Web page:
Valley Bridge negligence – the plot thickens

Following on from my three part series, North Yorkshire County Council appears to have decided that it would be a good idea to put out a Public Relations (PR) story, to assure the public that Valley Bridge is “safe”.

After reading the article in the Scarborough News, I was utterly appalled to see the blatant mis-information being peddled as fact.

What made me most upset was the fact that the people being quoted in the article are employees of the public purse. People WE employ to do an honest days work, busy spreading misinformation.

Take for example the County Council “spokeswoman”. She is never identified, but she is clearly quoted as saying that any non-structural components have been removed that might have been in danger of falling off. There aren’t any words to get confused there:

  • “all non-structural components have been removed”.

In short, if it isn’t desperately needed to hold the bridge up, it has been removed. But that isn’t exactly true.

About two days after Christmas, I was walking along Valley Road and as I was passing under the structure, thought I noticed something substantial fall off the bridge. Things have certainly been thrown off the bridge in the past by pedestrians, so I ignored it and continuted to my destination. It grabbed my curiosity though, and I decided a few days later to investigate, and found quite a number of bits that had fallen off the structure. This led me to check the upper portions of the bridge for damage, and was the motivatoin for releasing my first video on YouTube:

Video 1

Whilst I am not an engineer, I can say with some certainty, that it is definitely NOT safe to have people able to walk or drive under a structure where pieces can fall off and hit them.

Just one of the pieces I have collected weighs in at over one kilogram – that’s 2.2lbs for those of us that still use traditional measurements.

Video 2


After contacting North Yorkshire County Council, to alert them to the possibility of people being injured or killed, it was dissapointing to know that nothing was being done to prevent any kind of accident.

In fact, no one seemed bothered. Take Cllr Gareth Dadd for example. He was really annoyed at having his evening meal disturbed.

Video 3

Would he have have been equally annoyed if a child had been killed by one of these falling fragments? We will never know.

I decided to do a little checking into iron structures and found a lot of information; information that NYCC engineers should have been well aware of;  information that should be instrumental in ensuring that Valley Bridge has been maintained and not present a clear and present danger to the safety of the public.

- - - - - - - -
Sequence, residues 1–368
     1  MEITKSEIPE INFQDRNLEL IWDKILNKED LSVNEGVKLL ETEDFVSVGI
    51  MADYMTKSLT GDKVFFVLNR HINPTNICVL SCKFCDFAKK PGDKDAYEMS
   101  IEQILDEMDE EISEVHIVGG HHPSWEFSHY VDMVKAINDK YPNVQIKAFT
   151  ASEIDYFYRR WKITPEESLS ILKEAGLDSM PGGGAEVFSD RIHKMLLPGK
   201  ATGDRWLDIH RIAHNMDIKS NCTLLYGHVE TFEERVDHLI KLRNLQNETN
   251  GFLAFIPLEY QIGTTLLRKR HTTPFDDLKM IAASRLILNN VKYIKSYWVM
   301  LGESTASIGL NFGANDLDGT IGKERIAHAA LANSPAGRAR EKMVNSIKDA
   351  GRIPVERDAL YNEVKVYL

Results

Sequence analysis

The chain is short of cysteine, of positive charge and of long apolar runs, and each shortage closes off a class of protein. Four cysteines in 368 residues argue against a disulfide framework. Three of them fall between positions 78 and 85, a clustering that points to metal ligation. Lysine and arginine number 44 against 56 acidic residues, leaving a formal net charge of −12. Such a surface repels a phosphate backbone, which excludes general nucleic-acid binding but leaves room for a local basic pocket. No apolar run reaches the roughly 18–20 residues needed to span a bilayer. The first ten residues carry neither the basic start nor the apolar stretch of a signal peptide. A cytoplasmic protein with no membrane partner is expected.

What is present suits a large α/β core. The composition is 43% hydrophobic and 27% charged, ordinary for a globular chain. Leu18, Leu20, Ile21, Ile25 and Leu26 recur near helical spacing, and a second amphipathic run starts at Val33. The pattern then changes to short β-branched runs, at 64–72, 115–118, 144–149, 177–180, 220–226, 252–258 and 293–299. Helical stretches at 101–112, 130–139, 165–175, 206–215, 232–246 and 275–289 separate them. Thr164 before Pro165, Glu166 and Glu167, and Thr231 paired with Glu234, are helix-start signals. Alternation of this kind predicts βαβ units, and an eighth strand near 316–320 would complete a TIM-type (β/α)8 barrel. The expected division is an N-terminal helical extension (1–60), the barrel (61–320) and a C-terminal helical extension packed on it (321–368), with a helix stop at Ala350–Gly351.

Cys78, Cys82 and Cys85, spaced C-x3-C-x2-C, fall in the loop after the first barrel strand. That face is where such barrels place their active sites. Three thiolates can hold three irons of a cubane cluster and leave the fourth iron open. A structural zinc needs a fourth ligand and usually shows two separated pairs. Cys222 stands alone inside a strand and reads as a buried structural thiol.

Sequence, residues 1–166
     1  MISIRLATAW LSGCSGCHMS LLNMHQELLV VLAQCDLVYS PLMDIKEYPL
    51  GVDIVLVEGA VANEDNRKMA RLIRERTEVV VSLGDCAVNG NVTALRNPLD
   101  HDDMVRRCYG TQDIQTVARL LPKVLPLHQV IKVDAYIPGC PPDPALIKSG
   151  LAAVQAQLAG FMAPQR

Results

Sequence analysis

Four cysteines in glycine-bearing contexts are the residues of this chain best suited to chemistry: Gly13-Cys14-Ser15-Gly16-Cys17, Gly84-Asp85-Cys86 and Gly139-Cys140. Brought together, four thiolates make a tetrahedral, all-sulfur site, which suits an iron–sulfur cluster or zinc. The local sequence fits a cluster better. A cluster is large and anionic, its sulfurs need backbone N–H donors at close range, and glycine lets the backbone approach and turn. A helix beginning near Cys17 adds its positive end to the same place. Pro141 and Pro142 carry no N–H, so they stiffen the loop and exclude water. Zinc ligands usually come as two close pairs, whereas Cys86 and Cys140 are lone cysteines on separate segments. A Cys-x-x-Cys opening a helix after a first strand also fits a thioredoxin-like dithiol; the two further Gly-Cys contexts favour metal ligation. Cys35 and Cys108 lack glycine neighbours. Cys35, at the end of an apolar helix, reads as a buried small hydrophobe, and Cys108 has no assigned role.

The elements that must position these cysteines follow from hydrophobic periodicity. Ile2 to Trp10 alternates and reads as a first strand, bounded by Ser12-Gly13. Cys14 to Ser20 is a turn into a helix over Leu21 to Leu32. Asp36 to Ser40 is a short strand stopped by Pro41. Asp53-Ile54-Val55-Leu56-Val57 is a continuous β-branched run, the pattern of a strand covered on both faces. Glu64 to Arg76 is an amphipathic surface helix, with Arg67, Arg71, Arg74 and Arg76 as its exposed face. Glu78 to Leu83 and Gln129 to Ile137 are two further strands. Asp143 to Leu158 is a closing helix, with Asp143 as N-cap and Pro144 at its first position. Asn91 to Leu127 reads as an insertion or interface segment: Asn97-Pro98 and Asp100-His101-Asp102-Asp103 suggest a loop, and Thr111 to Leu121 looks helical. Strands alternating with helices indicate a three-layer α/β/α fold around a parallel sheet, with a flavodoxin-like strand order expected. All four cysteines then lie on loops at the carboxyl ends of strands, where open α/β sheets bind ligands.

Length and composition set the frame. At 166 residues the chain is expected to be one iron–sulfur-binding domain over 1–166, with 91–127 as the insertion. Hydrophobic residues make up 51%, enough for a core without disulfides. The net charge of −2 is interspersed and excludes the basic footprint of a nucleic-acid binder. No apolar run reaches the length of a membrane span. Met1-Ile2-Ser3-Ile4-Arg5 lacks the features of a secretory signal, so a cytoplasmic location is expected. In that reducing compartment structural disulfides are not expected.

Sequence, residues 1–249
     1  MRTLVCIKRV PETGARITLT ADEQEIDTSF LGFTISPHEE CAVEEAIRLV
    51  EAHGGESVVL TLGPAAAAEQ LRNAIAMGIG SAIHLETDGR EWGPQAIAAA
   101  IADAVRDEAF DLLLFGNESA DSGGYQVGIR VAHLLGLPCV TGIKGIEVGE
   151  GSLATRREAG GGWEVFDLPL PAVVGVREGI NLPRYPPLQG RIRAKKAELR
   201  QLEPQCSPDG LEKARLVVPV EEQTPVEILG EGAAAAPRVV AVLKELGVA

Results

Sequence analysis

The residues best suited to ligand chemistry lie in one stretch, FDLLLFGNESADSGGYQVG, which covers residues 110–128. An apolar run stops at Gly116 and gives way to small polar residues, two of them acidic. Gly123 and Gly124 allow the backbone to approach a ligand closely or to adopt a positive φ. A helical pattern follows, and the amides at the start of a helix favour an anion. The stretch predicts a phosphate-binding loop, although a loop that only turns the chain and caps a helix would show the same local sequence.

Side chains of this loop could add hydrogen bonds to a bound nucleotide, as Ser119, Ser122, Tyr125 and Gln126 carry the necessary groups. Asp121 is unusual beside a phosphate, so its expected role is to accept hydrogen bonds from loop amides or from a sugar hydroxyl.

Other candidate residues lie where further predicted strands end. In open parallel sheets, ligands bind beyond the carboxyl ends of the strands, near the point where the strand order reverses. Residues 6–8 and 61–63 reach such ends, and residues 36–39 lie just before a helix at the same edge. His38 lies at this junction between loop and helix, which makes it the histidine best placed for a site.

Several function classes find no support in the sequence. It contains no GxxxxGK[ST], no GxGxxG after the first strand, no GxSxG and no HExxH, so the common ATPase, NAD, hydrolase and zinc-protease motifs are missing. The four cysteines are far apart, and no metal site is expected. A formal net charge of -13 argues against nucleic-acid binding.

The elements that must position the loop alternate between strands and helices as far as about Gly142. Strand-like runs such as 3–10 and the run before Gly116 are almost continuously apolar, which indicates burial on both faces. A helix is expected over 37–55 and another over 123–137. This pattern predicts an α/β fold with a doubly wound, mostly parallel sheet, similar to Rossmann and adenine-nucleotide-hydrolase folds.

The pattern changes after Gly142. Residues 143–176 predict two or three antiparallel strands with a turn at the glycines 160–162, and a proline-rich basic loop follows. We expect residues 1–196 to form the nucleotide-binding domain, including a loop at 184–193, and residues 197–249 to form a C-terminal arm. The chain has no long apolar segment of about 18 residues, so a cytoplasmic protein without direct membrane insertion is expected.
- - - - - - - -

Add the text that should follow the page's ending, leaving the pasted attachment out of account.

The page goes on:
The first thing is that an iron structure is susceptible to corrosion. Any one who’s been to school and taken science knows about iron oxide (rust) and a little bit about the processes surrounding it. This article isn’t going to get into major technical discussions, but suffice it to say that rusting of iron takes place because of an electrochemical reaction.

There are litterally dozens of articles available freely on the internet that describe in detail the process of rusting, and how to prevent it from occuring.

From this article we see that:

  • “Painting and Coating SystemsThe most common and effective way to preserve architectural cast iron is to maintain a protective coating of paint on the metal. Paint can also be decorative, where historically appropriate. “

So, in order to maintain a structure we maintain the paint. Meaning that at least a few times over a twenty year period, someone should have been along with a tin or two of paint and re-painted Valley Bridge. After all, it is historically important, it does form a major arterial road and footway into the town from the South, and it is quite a landmark.

It is without doubt that a good many of you will be aware of the phrase “painting the Forth Bridge”, in reference to a never ending task. Whlist the Forth Bridge was never continuously painted, it is inspected year on year in order that any maintenance issues can be addressed BEFORE they become a problem.

It also means that the life of the structure is increased, and safety does not become an issue for those travelling across the Firth of Forth. Details can be found here.

There are just two of the sources of information showing that maintenance of any kind of structural iron is very, very important.